FICTION: Oil shale development is moving ahead too quickly. It must be slowed down by stopping work on the commercial leasing. Regulations are not needed because a commercial industry will not emerge for many years.

FACT: Oil shale development is moving at a slow and deliberate pace and not rushing to commercialization. Current research, development and demonstration programs are focused on answering important questions:
1. Will the technologies perform as expected,
2. Can commercial projects be profitable,
3. Can projects meet environmental regulations and perform in a responsible manner, and
4. How will socioeconomic concerns be solved? Projects are moving at different rates depending upon the status of the technology being employed and the technical and economic risks involved, but all are indicating that large scale commercial plants will not go into operation for at least a decade. However, today developers need to know the requirements for leasing federal oil shale resources in order to make informed investment decisions.
—————————————————————————————————————————– FICTION: Oil shale processing uses more energy than it produces. It would be better to process pop tarts or potatoes.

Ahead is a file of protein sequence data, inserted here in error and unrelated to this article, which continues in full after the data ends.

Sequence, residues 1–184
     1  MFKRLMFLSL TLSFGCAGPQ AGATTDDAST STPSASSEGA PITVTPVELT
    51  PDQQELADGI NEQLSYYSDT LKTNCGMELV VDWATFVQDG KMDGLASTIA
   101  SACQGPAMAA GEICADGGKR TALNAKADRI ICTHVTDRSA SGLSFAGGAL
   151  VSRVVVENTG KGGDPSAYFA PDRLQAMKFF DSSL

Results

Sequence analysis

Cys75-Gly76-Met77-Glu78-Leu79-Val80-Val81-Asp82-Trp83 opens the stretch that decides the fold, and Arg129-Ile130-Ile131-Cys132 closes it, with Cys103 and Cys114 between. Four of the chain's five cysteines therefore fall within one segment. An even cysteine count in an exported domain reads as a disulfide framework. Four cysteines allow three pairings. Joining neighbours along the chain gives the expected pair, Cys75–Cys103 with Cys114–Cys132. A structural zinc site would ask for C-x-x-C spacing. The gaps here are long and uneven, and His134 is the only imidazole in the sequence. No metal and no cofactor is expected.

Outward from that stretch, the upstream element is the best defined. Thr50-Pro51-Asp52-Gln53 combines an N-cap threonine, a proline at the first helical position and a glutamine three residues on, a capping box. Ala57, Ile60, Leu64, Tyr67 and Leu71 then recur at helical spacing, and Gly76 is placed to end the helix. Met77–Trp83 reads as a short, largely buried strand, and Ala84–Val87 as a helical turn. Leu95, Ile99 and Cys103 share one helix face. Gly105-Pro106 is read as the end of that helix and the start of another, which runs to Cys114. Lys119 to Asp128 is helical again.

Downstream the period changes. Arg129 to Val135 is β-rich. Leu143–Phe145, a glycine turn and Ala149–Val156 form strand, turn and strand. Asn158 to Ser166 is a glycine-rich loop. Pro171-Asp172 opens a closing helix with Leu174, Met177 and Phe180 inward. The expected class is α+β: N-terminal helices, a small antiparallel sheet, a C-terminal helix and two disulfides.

FACT: Net energy is created though the retorting of oil shale. Depending upon the technology employed and the richness of the resource, estimates range from a ratio of 3:1 to 6:1. The size, concentration and quality of the oil shale resource in the Western U.S. make it an ideal domestic source of gasoline, diesel and jet fuels.
FICTION: Oil shale development has too many health, wildlife and environmental unknowns, and it is too risky and dangerous, so commercial development must await completion of all research, development and demonstration.

FACT: The basic methods of producing oil and gas from oil shale are well known. Commercial oil shale projects have been in operation in Brazil, China, Estonia and other parts of the word for decades. Large-scale semi-commercial plants were operated in the United States in the 1960-80’s. It is only the newer techniques under development that still need to be demonstrated. There is a wealth of knowledge that can be drawn upon by engineers and scientist. The ranges of technical, socioeconomic and environmental factors can also be established so the public and government officials can judge the impacts and benefits of development.